At 7:23 a.m. a bone-chilling 24-degree wind sweeps off Lake Michigan as the long distance runner slips out of a black Lincoln Continental limousine and heads north along the shore.
It is rush hour, and the traffic is heading south to punch time cards at offices and factories downtown. Nobody notices the runner, the man running against the flow, the man running for president of the United States. r
Even if they did notice, they probably wouldn't recognize his face. For the polls, those strange yardsticks politicians live and die by, say only a handful of diehard Republicans in the country know who George Hebert Walker Bush is.
But Bush doesn't mind, not this week of all weeks. He is on an emotional high. He has been ever since he upset a host of GOP rivals in a straw poll in Portland, Maine, 10 days ago, a poll Sen. Howard H. Baker Jr. (Tenn) was so confident he'd win that he brought a planeload of reporters with him to witness the event.
The victory was fleeting, meaningless except in the blue smoke and mirror world of politics. No delegates were elected. No binding commitments made. But it was just the kind of thing Bush needed to send adrenaline coursing.
"It made a tremendous difference. Phone calls coming into our office have jumped 200 percent. People identify with Maine here," former governor Hugh Gregg, Bush's New Hampshire campaign chairman, told him. "Suddenly, George Bush isn't just a serious candidate, he's a red hot one," Malcolm Baldrige, his Connecticut chairman, boasted at a Republican dinner in Hartford.
So Bush keeps running, from city to city, from state to state, carrying an old white sweatshirt and navy blue sweat pants in his battered grey suitcase. At age 55, he still has the look of an athlete, lean and wiry.
His route is the same one another jogger, James Earl Carter, took to the White House. And Bush has to take it if he wants to stand a prayer of becoming president.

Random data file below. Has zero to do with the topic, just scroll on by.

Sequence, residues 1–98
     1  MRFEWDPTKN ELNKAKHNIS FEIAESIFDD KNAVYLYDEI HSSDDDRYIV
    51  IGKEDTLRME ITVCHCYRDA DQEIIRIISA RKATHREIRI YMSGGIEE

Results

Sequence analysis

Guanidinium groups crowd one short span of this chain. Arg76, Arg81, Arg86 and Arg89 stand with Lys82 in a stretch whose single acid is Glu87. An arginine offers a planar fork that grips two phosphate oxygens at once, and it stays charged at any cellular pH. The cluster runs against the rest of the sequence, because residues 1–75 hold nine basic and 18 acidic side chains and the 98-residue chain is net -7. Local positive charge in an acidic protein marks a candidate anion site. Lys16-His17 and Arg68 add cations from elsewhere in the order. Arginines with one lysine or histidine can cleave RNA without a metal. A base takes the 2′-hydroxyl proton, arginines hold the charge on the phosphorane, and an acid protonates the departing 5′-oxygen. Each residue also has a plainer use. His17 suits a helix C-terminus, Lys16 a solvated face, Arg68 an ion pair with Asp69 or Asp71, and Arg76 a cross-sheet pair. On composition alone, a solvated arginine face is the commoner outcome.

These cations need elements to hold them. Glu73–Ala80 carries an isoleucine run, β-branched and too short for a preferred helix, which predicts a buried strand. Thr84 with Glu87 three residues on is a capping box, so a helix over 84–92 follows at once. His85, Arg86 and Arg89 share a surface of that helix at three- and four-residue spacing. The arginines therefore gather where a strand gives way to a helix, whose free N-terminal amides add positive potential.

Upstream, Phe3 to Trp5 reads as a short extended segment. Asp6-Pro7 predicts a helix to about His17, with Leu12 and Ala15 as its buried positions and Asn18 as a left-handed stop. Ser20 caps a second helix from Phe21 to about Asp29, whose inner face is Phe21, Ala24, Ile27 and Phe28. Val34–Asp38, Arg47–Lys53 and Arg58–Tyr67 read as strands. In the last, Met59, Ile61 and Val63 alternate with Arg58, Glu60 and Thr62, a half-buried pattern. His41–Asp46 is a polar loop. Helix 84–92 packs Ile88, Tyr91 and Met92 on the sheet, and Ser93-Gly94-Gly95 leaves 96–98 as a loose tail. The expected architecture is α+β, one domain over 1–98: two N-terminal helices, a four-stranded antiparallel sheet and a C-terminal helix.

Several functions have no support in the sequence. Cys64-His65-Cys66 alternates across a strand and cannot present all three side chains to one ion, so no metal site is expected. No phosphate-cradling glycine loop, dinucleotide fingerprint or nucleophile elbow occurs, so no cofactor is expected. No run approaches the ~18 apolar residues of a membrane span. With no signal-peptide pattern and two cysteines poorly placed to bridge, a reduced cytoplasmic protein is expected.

"Yet, it's like a long-distance race," he says, relishing the metaphor. "I feel I'm setting a proper pace and I can sustain it."
Among the nine contenders for the GOP nomination, only Bush and Rep. Phil Crane (Ill.) have traveled so far and so long -- 14 months. Since Labor Day alone, Bush has visited 91 cities, delivered more than 15 speeches and slept in 41 different hotel rooms. He has spent only 60 hours in his Houston home, he says.
"I'm not like Walter Mondale [when he was running for president in 1975]," Bush says. "I don't feel like I'm going to die every time I see another Holiday Inn. I'm just damn glad to get to one so I can get some rest."
But his is a long, frustrating journey. While Carter and Sen. Edward M. Kennedy (D-Mass.) crisscross the nation aboard 727 airliners with scores of reporters and aides, Bush flies on commercial flights, often accompanied only by one aide, David Bates, a Houston lawyer 27 years his junior. Sometimes a reporter or two follow, but often not.
Personal moments and pleasures are few. Maybe a glass of chablis at lunch while flying from Milwaukee to Boston, or a late-night vodka martini, or a three-mile run along Lake Michigan. In between the endless meetings, rallies and telephone calls, the candidate wonders about his opponents, their tactics, and what juices sustain them. He wonders what GOP front-runner Ronald Reagan thinks about him. He wonders what keeps Rep. John Anderson (Ill.) and Sen. Bob Dole (Kan.), both of whom are even farther behind Reagan, going.
He silently agonizes over his image in the press. Every once in a while it gushes forth, almost uncontrolled. "Why am I always described as tweedy, Ivy League and elitist and Teddy Kennedy [a man of similar background] is described as a compassionate man of the people?" Bush asked in a dinner conversation here last week. "Teddy hits a tennis ball and he's an athlete. I do it and I'm an elitist. He has a sailboat and it's neat, I have one and I'm an elitist."